My father joined HMS Emerald a light cruiser in the Royal Navy in August 1939 and was part of one of the largest secret naval operations of the second world war.
The British government were aware as soon as war broke out in September 1939, that the country was at risk of invasion from Hitler’s army. In order to protect both the countries gold and national treasures it was decided to remove them for safe keeping to Canada. Millions of pounds worth of gold had already been transported in convoys to America to buy supplies and arms but an even bigger operation was being planned. At that time all British nationals had to also register their securities in the form of bonds, stocks, shares with the Royal Treasury which added to the accumulated national wealth.
In the second part he describes my parent’s wedding – but when he says there were enemy aircraft about – he failed to mention the need to retire under the stairs by the bride and groom to avoid the bombs! Anyway I hope you enjoy.
After a spell in Chatham, getting to know the ship and getting everything to work, we sailed for exercises and wound-up finally anchoring in Weymouth Bay with all the other Reserve Ships, where we were reviewed by HM King George VI. On completion, it was decided that Reserve Fleet exercises would be carried out north of Scotland, based at Scapa Flow, and we were on patrol between Scotland and Iceland on Sunday 3rd September when war was declared. Emerald was a fast cruiser and after a few weeks at sea we returned to Scapa, to be told that we were to go to Plymouth.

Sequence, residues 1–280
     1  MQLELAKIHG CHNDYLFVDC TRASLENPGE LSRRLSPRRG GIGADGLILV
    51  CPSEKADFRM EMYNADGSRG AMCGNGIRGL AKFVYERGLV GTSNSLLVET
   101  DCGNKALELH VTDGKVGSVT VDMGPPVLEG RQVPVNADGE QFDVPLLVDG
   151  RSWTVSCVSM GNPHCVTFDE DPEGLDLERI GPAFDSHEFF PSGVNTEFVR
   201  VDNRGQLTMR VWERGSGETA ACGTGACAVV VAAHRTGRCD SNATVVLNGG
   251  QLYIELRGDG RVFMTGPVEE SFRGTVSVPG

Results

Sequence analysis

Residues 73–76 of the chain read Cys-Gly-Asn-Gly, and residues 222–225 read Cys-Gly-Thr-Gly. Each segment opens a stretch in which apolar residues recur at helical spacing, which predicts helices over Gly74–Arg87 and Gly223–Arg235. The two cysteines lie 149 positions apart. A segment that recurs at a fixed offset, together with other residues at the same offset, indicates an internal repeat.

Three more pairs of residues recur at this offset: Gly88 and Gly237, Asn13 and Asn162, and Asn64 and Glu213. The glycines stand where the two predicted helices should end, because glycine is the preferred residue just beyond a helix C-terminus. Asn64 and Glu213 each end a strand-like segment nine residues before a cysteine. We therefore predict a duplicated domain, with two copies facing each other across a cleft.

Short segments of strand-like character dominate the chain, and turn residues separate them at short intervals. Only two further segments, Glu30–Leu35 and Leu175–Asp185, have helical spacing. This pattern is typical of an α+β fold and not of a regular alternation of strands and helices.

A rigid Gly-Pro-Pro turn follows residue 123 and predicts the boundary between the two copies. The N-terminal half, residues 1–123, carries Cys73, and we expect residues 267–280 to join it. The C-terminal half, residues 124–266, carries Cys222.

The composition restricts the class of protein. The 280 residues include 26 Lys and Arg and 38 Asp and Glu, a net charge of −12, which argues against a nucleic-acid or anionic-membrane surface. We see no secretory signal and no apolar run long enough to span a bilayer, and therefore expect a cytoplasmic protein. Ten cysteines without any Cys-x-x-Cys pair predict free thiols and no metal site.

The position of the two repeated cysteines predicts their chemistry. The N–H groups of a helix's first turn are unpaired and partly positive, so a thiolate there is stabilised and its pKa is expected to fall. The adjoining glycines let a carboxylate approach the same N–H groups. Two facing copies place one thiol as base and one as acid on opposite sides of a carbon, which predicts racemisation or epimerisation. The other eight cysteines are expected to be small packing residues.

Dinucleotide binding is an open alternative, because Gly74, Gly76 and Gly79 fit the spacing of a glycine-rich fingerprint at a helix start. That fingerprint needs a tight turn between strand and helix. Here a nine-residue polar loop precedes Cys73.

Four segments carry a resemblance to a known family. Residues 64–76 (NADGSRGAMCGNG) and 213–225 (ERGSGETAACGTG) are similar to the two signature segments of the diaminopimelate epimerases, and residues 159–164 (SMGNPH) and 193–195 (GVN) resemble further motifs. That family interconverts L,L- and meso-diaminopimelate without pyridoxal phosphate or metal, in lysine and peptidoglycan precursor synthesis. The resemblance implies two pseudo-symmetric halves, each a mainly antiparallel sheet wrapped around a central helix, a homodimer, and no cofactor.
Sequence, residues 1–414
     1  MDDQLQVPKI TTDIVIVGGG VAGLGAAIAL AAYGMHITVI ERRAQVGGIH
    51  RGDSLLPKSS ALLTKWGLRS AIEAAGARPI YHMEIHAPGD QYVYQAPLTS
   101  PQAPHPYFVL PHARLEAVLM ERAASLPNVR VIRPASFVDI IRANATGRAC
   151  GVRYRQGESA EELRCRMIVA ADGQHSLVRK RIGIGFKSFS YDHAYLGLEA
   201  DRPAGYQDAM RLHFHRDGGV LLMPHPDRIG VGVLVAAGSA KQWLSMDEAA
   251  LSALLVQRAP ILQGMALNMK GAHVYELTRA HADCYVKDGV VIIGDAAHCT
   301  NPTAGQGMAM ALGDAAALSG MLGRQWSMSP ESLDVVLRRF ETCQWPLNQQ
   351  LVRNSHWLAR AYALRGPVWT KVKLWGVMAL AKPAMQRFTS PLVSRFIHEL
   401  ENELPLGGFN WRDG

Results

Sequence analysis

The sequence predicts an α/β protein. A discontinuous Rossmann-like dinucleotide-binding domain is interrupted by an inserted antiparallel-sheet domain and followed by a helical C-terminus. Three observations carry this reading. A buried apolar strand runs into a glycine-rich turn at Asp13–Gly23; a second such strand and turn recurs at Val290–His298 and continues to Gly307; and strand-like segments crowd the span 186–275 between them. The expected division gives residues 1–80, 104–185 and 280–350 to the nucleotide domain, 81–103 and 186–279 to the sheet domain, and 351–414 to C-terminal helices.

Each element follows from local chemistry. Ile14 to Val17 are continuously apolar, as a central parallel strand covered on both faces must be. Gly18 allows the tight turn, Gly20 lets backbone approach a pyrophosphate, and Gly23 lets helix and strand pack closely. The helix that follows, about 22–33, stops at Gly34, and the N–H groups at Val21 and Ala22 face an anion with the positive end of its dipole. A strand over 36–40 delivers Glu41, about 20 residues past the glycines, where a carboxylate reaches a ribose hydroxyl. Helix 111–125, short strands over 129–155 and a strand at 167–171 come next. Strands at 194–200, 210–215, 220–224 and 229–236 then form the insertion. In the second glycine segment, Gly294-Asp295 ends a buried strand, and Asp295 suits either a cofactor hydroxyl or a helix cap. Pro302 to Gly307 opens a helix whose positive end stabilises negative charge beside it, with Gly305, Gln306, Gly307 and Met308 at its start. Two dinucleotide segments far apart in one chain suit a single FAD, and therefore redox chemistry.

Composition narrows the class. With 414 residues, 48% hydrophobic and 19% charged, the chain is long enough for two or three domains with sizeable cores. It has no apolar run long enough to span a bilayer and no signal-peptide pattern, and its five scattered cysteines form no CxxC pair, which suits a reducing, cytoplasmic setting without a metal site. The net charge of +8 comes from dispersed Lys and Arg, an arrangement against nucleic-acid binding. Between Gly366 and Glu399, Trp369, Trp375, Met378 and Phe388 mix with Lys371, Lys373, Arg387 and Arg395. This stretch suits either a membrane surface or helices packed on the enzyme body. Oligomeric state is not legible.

On arrival in Plymouth, there was lots of activity ‑ including getting all ammunition out of the ship and being issued with tropical uniforms, including pith helmets.The ship sailed on October 7th in the company of other reserve ships including the two First World War Battleships HMS Revenge and HMS resolution. In the grips of some of the most violent seas that most of the crew had ever encountered the tropical uniforms were quickly returned to stores. During the first part of the crossing HMS Emerald’s decks were stripped by the heavy seas of anything that was not battened down including the ship’s boats, rafts, and depth charges as well as the ship’s spotter plane.
In 1940 with a new government and Prime Minister, Winston Churchill, it was clear that things were not going well for the allies. To ensure that the rest of the British Empire including Canada could continue to fight should Britain should be overrun, it was decided that all the remaining wealth of in the form of gold and art treasures as well as securities that had been confiscated from the general public should be shipped to Canada for the duration of the war.
It was transported to Greenock in Scotland where HMS Emerald was at anchor. After loading the treasure aboard, Emerald set sail on 24th June 1940 with an escort of destroyers. Again the weather was appalling and the ship was unable to sustain its usual 30 knots which meant that the convoy was at constant risk of U-Boat attacks.
Finally Emerald reached Halifax in Nova Scotia and the treasure was transferred to trains. The gold was sent to Ottawa and the paperwork in the form of stocks,shares and bonds was sent to Montreal.
I served in Emerald until 1st August 1940, during which time we made many Atlantic crossings at both high and low speeds and almost always in terrible weather. We were involved in a number of U-Boat searches but with little success. I joined Vernon on 2nd August 1940.
I had kept in touch with Mollie, on rare occasions when in the Portsmouth area. When I joined Vernon, we started to meet very often and we quickly fell in love, to the extent that with the uncertainty of my future movements we set a date to be married and decided on 14th September 1940.